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Second attempt at a blog and back up of my old account, ferningur.
During the lockdown me and my parents got into a tv series, "I delitti del Bar Lume" (The murders of the Bar Lume, barlume meaning "glimmer" or "spark", and being a pun about the name of a bar). It's a comedy/whodunit series that follows the investigations on a series of murders that happen in the fictional small Tuscan town of Pineta. All cases are usually solved either by or with the help of Massimo, the owner of the above mentioned Bar Lume.
Personally, I found the writing of the tv series perfectly average, especially as it went on and focused more on comedy and (not particularly well done) character development than the investigations. However, the great casting made the series actually enjoyable, and more than made up for the flaws in the script. Out of curiosity, I decided to pick up the first of the books on which the series is based, in part to compare and contrast and because I enjoy a good detective story during the summer.
Overall, this was a very solid comedic whodunit. The plot is overall the same (a small town murder, whose resolution is made slightly difficult by the fact that everyone in the town thinks they know everything about everyone else), but the style of humour is definitely the main difference between the source material and the series, much more subtle in the book.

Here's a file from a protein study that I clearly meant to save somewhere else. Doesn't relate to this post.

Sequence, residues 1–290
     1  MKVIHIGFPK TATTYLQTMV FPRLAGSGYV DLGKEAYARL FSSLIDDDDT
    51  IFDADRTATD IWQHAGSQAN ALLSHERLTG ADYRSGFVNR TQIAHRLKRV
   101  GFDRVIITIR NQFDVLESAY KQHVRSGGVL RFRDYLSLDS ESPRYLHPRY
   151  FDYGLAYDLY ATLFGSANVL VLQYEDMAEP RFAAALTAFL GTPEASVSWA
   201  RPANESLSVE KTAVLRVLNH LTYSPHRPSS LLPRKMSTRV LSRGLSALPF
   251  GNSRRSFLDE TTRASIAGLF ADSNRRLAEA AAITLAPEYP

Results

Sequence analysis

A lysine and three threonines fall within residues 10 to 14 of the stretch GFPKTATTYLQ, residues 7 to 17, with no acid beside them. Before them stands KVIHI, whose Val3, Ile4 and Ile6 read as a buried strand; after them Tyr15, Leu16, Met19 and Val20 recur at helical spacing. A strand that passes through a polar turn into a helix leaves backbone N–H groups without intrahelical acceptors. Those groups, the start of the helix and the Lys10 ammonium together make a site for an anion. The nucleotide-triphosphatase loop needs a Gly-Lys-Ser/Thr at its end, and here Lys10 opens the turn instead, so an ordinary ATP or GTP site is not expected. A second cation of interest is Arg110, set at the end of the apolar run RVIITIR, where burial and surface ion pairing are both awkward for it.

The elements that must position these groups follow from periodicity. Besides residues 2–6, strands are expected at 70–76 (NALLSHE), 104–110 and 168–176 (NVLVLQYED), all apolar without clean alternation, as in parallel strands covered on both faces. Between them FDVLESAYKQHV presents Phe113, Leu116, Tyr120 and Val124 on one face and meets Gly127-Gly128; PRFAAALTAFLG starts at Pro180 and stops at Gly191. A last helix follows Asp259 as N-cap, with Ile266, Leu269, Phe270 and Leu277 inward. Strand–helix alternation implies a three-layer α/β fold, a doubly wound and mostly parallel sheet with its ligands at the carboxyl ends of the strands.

The biggest surprise was how the characters were quite different, I guess to make them work better in a more comedic environment - for example, in the book the chief of police is Vinicio Fusco, a middle-aged, self-absorbed and slightly thick man, while in the tv series the character is a woman, Vittoria Fusco, in her late thirties/early forties, no-nonsense to the point of being abrasive, who's constantly passed over for promotions by incompent men, in part because of sexism and her general attitude towards other people. Another huge difference is how Massimo Viviani, the main character, in the series is pretty much a loser who happens to get lucky in frequent but very short bursts, while he's much more dignified in the book.